Once you finish up high school, you have a variety of options from which to choose. One of the most rewarding options, though, is going for your undergraduate degree. A bachelor's degree can help you advance your career throughout your lifetime, with lasting effects.
Here are six ways earning your bachelor's makes a big difference in your long-term success.
This should come as no surprise, but the earning potential of people with undergraduate degrees is vastly higher than those without them. In fact, according to the Association of Public and Land-Grant Universities (APLU), the gap between the two groups is wider than ever—college grads earn 74% more than those with just a high school diploma.
And that trickles down to more than simply your paycheck—75% of bachelor's degree holders own homes, more than 10% higher than high school diploma recipients.
Bachelor's degrees make you more employable in a struggling economy. In fact, the unemployment rate is about half for a person with at least a bachelor's degree compared to those without.
And it's more than simply earning a degree. The U.S. Bureau of Labor Statistics has found that unemployment among associate's degree holders rests at about 3.8%, nationally, while bachelor's degree earners who are unemployed has dropped to 2.5%.
As earning a bachelor's degree becomes more and more common in the United States, employers are becoming more and more likely to require it—even for entry-level positions. A study from CareerBuilder.com found that 41% of employers are now expecting a college education for positions that previously were held by high school diploma holders.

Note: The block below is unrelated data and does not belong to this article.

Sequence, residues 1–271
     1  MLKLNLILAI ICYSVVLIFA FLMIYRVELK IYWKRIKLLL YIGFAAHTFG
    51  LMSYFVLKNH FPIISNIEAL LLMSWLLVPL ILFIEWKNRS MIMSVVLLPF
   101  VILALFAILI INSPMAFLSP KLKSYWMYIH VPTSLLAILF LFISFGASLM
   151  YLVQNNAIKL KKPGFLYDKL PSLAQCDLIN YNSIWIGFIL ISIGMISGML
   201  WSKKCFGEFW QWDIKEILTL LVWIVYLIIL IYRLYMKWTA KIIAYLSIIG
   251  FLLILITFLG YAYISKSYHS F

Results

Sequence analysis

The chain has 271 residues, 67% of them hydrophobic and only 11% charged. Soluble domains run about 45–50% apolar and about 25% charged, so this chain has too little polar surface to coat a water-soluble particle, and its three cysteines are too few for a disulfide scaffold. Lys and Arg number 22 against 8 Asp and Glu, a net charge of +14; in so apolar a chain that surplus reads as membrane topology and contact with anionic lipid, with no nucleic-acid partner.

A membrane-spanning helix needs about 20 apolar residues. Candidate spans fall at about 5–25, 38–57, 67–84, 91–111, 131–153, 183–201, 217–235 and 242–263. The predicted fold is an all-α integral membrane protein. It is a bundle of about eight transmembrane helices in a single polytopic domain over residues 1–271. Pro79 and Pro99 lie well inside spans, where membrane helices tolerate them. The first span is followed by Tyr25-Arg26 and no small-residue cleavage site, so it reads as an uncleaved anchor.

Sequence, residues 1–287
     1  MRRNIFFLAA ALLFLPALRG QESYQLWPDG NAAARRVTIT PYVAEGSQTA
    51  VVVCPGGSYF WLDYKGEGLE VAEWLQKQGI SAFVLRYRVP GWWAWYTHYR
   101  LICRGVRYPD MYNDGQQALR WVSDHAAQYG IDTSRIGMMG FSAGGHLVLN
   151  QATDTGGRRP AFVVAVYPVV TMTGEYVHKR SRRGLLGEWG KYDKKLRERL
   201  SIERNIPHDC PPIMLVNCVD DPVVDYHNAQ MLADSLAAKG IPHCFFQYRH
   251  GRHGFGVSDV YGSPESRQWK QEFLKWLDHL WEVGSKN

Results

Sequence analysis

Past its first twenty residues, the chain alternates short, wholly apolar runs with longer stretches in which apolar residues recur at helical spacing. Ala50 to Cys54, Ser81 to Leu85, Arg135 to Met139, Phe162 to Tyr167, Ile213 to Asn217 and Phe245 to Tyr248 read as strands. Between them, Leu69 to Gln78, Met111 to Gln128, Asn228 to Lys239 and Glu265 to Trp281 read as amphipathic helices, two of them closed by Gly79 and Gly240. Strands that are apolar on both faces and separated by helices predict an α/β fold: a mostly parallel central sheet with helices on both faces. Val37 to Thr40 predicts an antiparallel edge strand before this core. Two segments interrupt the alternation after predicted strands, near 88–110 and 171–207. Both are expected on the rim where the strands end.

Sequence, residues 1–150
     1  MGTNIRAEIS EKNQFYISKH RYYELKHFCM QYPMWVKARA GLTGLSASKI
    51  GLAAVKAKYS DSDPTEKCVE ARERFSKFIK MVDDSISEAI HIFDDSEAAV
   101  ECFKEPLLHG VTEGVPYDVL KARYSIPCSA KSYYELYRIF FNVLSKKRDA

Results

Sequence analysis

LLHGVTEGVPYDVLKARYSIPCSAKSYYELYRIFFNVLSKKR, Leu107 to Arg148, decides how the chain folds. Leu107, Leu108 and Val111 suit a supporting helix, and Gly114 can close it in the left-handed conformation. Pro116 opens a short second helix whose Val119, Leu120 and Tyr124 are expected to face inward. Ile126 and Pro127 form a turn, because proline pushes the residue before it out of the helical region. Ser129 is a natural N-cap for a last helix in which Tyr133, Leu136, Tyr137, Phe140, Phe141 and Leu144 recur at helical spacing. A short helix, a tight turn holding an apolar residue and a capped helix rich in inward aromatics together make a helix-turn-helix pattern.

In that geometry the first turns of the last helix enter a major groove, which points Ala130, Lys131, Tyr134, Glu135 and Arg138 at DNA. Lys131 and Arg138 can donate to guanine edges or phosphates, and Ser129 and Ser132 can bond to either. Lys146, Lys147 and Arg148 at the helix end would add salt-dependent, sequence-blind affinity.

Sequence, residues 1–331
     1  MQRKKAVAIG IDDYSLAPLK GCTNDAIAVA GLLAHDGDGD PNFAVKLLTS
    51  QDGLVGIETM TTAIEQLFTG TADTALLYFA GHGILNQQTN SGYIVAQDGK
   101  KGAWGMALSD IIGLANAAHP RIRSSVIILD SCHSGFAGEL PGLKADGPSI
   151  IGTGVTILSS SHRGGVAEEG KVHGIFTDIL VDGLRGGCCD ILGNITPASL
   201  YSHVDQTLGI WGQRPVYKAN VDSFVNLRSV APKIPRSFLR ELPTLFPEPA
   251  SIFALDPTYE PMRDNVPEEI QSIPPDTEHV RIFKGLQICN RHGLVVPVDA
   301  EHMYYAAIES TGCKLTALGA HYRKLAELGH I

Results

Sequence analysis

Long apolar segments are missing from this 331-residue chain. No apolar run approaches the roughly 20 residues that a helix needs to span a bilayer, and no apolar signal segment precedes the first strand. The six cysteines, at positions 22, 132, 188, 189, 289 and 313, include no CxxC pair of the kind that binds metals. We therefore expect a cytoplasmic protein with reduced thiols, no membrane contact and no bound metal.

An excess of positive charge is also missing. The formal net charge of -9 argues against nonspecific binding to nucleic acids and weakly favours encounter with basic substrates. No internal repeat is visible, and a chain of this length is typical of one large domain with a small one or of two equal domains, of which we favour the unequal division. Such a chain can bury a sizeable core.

With a competitive job market comes choosier employers. Businesses can be selective about their candidates, so bachelor's degree holders rise to the top of the résumé pile.
Greater job satisfaction
It's more than simply earning more money—higher education can also make you like your job more. A study from Pew Research Center found that workers with bachelor's degrees are considerably more likely to be satisfied with their careers than those who stopped at a high school diploma—75%, versus 64%.
More education means more skills and more aptitude in your chosen career—and a positive, satisfactory work environment means you're more likely to position yourself for promotions and advancement opportunities.
One benefit of attending college is the social aspect—this can have positive effects on your future career, too. A campus such as SDSU, for example, has hundreds of opportunities to join clubs, organizations, performing arts groups or team sports. These are all chances for you to network with the future workforce of the region.
Taking it a step further, SDSU also offers academic and special-interest groups specifically designed to introduce you to leaders in your area of study—people who you can rely on in the future for job recommendations and networking opportunities.
Superior communication abilities
Finally, no matter your major, a university like SDSU offers you the opportunity to take general education classes outside your specific major. These can include courses that offer critical skills that will prove essential in your future career—think communication, writing, problem-solving, comprehension and reasoning skills.
These are all incredibly useful for you—no matter what line of work you find yourself in.